Not All Value Strategies Are Created Equal (Part 1)

Know what you own.

Daniel Sotiroff 27 May, 2021 | 8:00
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Colorful Hot Balloon

After a decade of poor performance, the value factor appears to be in the early innings of a comeback. From September of last year through February of 2021, the Russell 1000 Value Index outpaced the Russell 1000 Growth Index by 13.8 percentage points, leaving devotees rejoicing.

Has it returned for good, or is the value factor just teasing its fans? Regardless of what the future holds, citing the performance of a value index masks the incredible performance gaps across different value investing strategies. For example, Invesco S&P Pure Value ETF (RPV) trounced the Russell 1000 Growth Index by 31.7 percentage points, while the FlexShares Quality Dividend ETF (QDF) outperformed by only 3.7 percentage points.

That massive performance disparity between RPV and QDF is closely tied to the way each fund approaches value investing. RPV favors stocks with dirt-cheap multiples, weights them by the strength of their value characteristics, and pays little attention to the underlying quality of its holdings. On the other hand, QDF looks for high-quality companies then holds those with higher yields than the market, which pulls it toward the value side of the Morningstar Style Box.

These two strategies exist at opposite ends of the value investing spectrum. One end houses portfolios with lower-quality, cheaper stocks. The opposing side features portfolios of high-quality stocks with correspondingly higher price tags. Exhibit 1 illustrates this relationship between price and quality. It includes all exchange-traded funds and open-end mutual funds in the large-value Morningstar Category and plots each fund’s average price/book ratio against its profitability, as measured by return on invested capital (a proxy for quality).



There is a clear relationship between price and quality. Funds typically trade off one trait for the other. Those at the far ends of this spectrum typically hold very different types of stocks. These stocks are different in the sense that they don their relatively low valuation multiples for different reasons. Understanding the forces pushing their multiples down has implications for the risks they bear and their expected performance.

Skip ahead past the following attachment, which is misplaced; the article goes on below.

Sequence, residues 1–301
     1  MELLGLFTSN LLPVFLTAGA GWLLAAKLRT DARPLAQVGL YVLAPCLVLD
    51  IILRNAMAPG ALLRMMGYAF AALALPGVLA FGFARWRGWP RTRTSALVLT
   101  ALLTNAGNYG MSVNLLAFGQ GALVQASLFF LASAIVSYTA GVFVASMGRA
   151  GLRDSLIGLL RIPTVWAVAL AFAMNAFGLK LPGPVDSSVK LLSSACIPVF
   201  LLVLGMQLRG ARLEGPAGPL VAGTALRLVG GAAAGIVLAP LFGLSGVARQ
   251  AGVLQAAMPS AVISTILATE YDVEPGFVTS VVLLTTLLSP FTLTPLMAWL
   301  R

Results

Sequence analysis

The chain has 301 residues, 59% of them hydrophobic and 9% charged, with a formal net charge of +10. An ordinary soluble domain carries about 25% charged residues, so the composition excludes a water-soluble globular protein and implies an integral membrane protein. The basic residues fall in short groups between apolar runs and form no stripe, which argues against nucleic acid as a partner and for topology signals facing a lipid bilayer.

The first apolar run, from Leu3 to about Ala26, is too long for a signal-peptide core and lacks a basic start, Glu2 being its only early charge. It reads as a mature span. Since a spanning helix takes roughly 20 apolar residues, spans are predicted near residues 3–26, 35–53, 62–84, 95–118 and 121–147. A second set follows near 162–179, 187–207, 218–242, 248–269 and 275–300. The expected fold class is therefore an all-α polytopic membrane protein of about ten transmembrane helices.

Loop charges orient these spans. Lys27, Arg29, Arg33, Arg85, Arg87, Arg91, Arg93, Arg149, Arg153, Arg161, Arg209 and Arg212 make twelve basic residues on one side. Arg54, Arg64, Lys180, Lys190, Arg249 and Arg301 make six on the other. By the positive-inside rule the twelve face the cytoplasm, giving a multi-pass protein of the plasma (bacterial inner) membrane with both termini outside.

Sick Companies

William Bernstein, the financial advisor and noted author, offers one of the best descriptions of value strategies, referring to them as the financial equivalent of an intensive care unit: a ward “containing vast numbers of companies maintained on the fiscal equivalent of ventilators and potent antibiotic and heart medicines.” [1]

That description paints a rather ugly picture, but it contains a notion of truth. Bernstein’s “sick company” metaphor readily applies to stocks at the low end of the price range because their businesses are often struggling, for any number of reasons, and they tend to have highly uncertain outlooks. They are decidedly not healthy. The market likely recognizes that and doesn’t expect them to perform well, so it assigns a lower price to give investors incentive for bearing their risks.

RPV lands on the intensive care registry, as does the SPDR Portfolio S&P 500 High Dividend ETF (SPYD). Both portfolios have some of the lowest average price multiples and profitability among funds in the large-value category and have proved riskier than the Russell 1000 Value Index. Compared against that benchmark, their standard deviations are often higher and their drawdowns deeper, as Exhibit 2 shows.



Sector biases further complicate the situation. Holding the cheapest stocks in the market causes RPV and SPYD to be overweight in cyclical segments. Both are top-heavy in energy and financials and share similarly large stakes in companies like Exxon Mobil (XOM) and American International Group (AIG), making them more sensitive to market movements than the Russell 1000 Value Index.

Some of the funds in this cohort may possess another element of risk that isn’t easily observed in traditional risk metrics. Funds holding names with the lowest valuations or those with high trailing yields tend to have exposure to stocks with recent price declines or negative momentum. These stocks are likely to continue performing poorly in the near term and subtract from their fund’s overall performance.

In Part 2 of this article, we will continue to explore value strategies.



1. Bernstein, W. 1999. “Value Stocks: Hidden Risk or Free Lunch.”


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Daniel Sotiroff  Daniel Sotiroff is an Analyst, Passive Strategies Research, for Morningstar.

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